'Picking winners' has long U.S. history

While the conservative mantra suggests the government is no good at picking winners, the U.S. practice goes back to the time of the Founding Fathers. But it has rarely been done without controversy and debate.

Today, the concern is the rising market power of China and whether the federal government can or should try to "pick winners" in a swirling global competition where ideas and capital know no borders.

In the 1980s, the issue was semiconductors. The challenger was Japan.

Japanese semiconductor firms backed by the keiretsu system of close-knit business alliances posed an alarming threat to U.S. companies that had pioneered the technology. The result was a series of interventions by the administrations of Presidents Ronald Reagan and George H.W. Bush, acting under pressure from Congress, to defend the U.S. industry.

Trade actions slowed Japanese imports, and government research dollars were invested in government-industry consortia aimed at strengthening U.S. firms.


U.S. chip makers and the Defense Department created an industry consortium in 1987 called Sematech, based in Austin, Texas. It successfully shifted its focus from the production of semiconductor chips to building up the supply chain of U.S. manufacturing infrastructure that supported chip producers.

Other high-profile efforts since the 1970s failed or fizzled, on the other hand, including a government-backed synthetic fuels project, a proposed supersonic commercial airliner, flat-screen technology and the hydrogen-powered car. Conservatives and pro-market economists have insisted then and now that it is futile and costly for government to try to pick winners in competitive markets.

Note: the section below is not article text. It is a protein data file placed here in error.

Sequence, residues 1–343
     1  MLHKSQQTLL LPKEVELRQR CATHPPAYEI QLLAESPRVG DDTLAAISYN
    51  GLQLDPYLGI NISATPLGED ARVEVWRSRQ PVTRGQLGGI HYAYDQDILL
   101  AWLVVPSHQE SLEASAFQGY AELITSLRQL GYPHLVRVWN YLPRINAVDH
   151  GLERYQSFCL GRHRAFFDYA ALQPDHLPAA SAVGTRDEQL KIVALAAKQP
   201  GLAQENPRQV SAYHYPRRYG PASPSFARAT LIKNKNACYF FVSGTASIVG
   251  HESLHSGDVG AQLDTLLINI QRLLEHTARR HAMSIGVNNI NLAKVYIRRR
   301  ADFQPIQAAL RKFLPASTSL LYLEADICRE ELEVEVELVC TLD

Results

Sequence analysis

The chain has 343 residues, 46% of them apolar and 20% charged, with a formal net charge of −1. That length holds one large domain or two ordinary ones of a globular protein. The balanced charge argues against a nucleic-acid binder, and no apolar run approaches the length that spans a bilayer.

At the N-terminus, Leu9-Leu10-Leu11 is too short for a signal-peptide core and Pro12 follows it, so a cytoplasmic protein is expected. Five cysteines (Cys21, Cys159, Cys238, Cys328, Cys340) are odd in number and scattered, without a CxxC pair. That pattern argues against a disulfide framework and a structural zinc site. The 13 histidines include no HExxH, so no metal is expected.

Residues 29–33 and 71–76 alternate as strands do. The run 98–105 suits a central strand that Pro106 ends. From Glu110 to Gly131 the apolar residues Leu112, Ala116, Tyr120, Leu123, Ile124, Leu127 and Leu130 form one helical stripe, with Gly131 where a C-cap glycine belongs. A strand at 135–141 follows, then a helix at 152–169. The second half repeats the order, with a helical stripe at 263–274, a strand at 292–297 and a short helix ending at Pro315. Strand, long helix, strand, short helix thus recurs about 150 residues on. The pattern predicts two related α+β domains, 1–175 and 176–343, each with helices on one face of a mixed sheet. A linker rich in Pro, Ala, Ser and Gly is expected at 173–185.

The issue has a pedigree, but remains dicey

"There are lessons from the past" about government-directed manufacturing initiatives, said Daniel Griswold, director of the Center for Trade Policy at the Cato Institute, speaking in 2009, as the Obama administration launched its advanced battery funding initiative. "And they are almost all negative."

Former Commerce Department official Kent Hughes, in his book "Building the Next American Century," counters that "pure" competition is a myth in a global economy where governments of industrial nations use trade policy, currency regimes, research support, education policies, intellectual property rules, subsidies and research to help boost priority industries.

"There are many examples of how federal research support has helped stimulate the development of new technologies, which, in turn, have fostered new industries, spurred growth, and created new job opportunities," Hughes writes. Biotechnology, advanced aircraft components, space industry spinoffs, the Internet and now cybersecurity stand out as examples.

As it was at the start of the information technology age in the 1980s, the United States is at a policy threshold over clean energy today, with believers in limited government and market solutions lining up to battle industrial policy advocates.

Andy Grove, who, as chief executive of Intel Corp., weathered the Japanese semiconductor thrust then, warns that the odds for U.S. companies this time are even more daunting.

In a widely commented-on Bloomberg BusinessWeek article last summer, "How America Can Create Jobs," Grove said that having a world-class research establishment and venture capital culture isn't enough. The United States has to find a way to scale ideas into industries, he said.

"The scaling process is no longer happening in the U.S. And as long as that's the case, plowing capital into young companies that build their factories elsewhere will continue to yield a bad return in terms of American jobs."

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